In Alaska, Raven is paradoxically both a lazy scavenger, relying on others to hunt for it and not adverse to eating human flesh, and the creator of light and life. Raven in southwest Alaska is also known as the creator of many landforms seen to this day, including mountains, rivers, and islands. Although Raven stories are told throughout the eastern Arctic as well as interior Alaska, specific places are rarely named in these tales. In contrast, Yup’ik narrators continue to refer to particular places, all across southwest Alaska, where Raven and his daughter left marks on the landscape, while recalling their activities in the distant past.
- creation narratives,
- place names,
- southwest Alaska,
- Yup’ik oral tradition
En Alaska, Corbeau est paradoxalement à la fois : un charognard paresseux, comptant sur les autres pour chasser à sa place, n’étant pas contre la consommation de chair humaine ; et un créateur de la lumière et de la vie. Dans le sud-ouest de l’Alaska, Corbeau est également connu pour avoir créé de nombreuses formes de reliefs, tels que les montagnes, les rivières et les îles. Bien que des histoires de Corbeau soient racontées dans tout l’Arctique oriental et à l’intérieur de l’Alaska, les lieux spécifiques sont rarement indiqués dans ces récits. Or, les narrateurs yupiit continuent de faire référence à des endroits particuliers, partout dans le sud-ouest de l’Alaska, où Corbeau et sa fille ont laissé des marques sur le paysage, tout en rappelant leurs activités dans un passé lointain.
- récits de la création,
- noms de lieux,
- sud-ouest de l’Alaska,
- tradition orale yup’ik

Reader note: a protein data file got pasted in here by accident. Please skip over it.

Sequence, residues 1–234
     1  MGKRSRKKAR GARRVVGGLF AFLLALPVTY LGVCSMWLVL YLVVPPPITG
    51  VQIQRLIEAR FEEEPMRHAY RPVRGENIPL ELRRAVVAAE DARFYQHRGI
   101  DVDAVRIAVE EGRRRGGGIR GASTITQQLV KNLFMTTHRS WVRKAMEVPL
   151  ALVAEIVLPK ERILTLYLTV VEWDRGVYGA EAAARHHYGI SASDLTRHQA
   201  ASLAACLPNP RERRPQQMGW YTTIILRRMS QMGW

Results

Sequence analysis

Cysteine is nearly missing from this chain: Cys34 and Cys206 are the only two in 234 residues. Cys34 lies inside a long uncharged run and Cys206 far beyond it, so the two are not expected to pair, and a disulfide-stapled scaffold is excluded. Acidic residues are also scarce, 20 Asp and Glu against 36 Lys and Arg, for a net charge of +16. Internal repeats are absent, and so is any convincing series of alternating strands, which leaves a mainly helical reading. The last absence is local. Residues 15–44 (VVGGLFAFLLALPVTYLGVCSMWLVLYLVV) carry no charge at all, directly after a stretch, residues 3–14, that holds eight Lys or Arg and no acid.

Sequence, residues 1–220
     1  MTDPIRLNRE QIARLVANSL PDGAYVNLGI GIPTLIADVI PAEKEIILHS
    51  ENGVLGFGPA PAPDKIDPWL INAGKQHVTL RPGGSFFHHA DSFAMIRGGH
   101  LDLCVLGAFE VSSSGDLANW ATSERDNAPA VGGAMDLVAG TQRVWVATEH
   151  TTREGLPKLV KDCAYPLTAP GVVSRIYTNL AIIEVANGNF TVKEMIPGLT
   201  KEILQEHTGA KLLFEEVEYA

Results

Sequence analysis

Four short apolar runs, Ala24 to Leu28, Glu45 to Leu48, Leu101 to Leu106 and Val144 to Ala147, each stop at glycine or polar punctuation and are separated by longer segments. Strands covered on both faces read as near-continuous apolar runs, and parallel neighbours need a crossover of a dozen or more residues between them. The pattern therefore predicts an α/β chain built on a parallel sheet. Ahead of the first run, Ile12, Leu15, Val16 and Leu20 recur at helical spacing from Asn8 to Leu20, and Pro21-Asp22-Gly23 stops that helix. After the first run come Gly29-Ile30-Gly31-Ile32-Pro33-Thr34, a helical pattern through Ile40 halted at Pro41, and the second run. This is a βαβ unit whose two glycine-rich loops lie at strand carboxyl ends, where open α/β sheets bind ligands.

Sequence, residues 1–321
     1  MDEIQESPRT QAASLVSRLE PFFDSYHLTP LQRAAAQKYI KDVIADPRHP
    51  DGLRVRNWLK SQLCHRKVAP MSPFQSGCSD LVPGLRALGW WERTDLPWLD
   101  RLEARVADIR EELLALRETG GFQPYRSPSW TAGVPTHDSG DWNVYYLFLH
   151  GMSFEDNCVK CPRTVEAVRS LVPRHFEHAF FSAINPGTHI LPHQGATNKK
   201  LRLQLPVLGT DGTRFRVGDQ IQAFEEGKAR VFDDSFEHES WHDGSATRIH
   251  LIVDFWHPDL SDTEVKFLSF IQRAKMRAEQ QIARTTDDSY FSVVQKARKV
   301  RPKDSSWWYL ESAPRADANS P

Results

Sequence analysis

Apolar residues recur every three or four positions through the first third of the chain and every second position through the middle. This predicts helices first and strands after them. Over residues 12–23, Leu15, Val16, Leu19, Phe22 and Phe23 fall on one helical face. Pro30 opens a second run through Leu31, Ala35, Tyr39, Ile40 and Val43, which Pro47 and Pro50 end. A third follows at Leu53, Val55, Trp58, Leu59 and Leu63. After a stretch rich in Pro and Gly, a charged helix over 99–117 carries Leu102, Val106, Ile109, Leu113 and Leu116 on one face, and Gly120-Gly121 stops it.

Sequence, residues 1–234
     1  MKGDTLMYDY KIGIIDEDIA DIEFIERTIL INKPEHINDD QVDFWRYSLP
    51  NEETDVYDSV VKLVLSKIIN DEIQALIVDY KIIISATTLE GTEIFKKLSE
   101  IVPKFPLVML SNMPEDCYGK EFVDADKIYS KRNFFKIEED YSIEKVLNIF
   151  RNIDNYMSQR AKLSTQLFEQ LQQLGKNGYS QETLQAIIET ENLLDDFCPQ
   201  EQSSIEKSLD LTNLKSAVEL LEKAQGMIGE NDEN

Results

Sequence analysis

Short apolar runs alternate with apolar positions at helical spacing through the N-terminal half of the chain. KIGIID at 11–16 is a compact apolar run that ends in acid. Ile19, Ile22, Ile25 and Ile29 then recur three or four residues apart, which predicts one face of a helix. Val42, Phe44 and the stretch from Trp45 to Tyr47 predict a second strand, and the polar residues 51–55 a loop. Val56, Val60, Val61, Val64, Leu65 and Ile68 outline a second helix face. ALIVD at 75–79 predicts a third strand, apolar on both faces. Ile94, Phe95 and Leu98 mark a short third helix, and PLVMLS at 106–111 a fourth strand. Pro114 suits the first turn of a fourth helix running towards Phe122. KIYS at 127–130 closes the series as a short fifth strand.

Thanks first and foremost to Yup’ik Elders from throughout southwest Alaska for sharing their stories of and experiences with ravens. Thanks also to Mark John of the Calista Elders Council (CEC, now Calista Education and Culture) for so capably organizing our meetings with Elders, and to translators Alice Rearden, Marie Meade, Corey Joseph, and Rachel Nayamin Kelly for their work transcribing and translating what Elders shared. I am also grateful to Igor Krupnik, Larry Kaplan, Richard Nelson, Thomas Thornton, and one anonymous reviewer for their thoughtful comments on earlier drafts of this paper. And thanks to the National Science Foundation, especially our NSF program officer Anna Kerttula de Echave, for their support of CEC’s work with Elders over the last two decades; their help has been foundational. Thanks to Mike Knapp for his map showing places associated with Raven in southwest Alaska and to the Ethnologisches Museum Berlin for allowing use of their image of the Raven mask collected by Johan Adrian Jacobsen. Finally, special thanks to Frédéric Laugrand for inviting me to contribute to this volume. It was his encouragement that inspired me to pull together what Elders had taught me about ravens, birds I dearly love.
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